* Make coordination easy. Because all members of a team are within a few feet of one another, it is relatively easy to coordinate projects. In addition to physical proximity, each Googler e-mails a snippet once a week to his work group describing what he has done in the last week. This gives everyone an easy way to track what everyone else is up to, making it much easier to monitor progress and synchronize work flow.
* Eat your own dog food. Google workers use the company’s tools intensively. The most obvious tool is the Web, with an internal Web page for virtually every project and every task. They are all indexed and available to project participants on an as-needed basis. We also make extensive use of other information-management tools, some of which are eventually rolled out as products. For example, one of the reasons for Gmail’s success is that it was beta tested within the company for many months. The use of e-mail is critical within the organization, so Gmail had to be tuned to satisfy the needs of some of our most demanding customers—our knowledge workers.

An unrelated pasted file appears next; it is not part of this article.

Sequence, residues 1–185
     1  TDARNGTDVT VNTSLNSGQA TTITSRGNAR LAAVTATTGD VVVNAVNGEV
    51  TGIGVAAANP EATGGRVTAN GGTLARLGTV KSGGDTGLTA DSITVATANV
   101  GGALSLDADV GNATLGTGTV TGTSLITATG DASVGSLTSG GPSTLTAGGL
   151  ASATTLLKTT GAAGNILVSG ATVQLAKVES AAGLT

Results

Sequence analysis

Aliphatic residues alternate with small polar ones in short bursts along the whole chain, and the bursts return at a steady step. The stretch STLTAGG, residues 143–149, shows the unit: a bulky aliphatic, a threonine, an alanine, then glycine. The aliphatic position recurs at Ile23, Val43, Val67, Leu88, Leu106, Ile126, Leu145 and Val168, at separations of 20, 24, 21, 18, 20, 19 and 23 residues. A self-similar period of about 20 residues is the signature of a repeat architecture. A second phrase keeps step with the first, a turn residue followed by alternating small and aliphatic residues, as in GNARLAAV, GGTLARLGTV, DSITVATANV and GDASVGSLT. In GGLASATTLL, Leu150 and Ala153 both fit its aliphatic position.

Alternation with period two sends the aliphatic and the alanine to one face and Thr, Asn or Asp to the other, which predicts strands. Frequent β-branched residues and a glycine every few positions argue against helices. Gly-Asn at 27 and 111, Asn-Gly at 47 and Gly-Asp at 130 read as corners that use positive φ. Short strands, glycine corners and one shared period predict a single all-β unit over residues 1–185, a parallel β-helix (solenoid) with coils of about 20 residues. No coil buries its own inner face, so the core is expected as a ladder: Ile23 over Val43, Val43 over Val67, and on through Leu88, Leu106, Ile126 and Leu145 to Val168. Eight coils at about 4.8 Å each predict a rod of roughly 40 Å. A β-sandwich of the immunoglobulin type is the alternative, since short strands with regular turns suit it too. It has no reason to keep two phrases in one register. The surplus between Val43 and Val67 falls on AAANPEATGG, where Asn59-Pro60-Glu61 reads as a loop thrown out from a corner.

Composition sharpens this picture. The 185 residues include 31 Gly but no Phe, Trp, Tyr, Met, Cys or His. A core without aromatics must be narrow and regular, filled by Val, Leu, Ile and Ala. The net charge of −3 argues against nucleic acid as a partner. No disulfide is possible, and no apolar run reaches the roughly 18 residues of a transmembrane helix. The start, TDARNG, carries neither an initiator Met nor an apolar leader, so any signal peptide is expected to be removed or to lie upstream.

* Encourage creativity. Google engineers can spend up to 20 percent of their time on a project of their choice. There is, of course, an approval process and some oversight, but basically we want to allow creative people to be creative. One of our not-so-secret weapons is our ideas mailing list: a companywide suggestion box where people can post ideas ranging from parking procedures to the next killer app. The software allows for everyone to comment on and rate ideas, permitting the best ideas to percolate to the top.
* Strive to reach consensus. Modern corporate mythology has the unique decision maker as hero. We adhere to the view that the “many are smarter than the few,” and solicit a broad base of views before reaching any decision. At Google, the role of the manager is that of an aggregator of viewpoints, not the dictator of decisions. Building a consensus sometimes takes longer, but always produces a more committed team and better decisions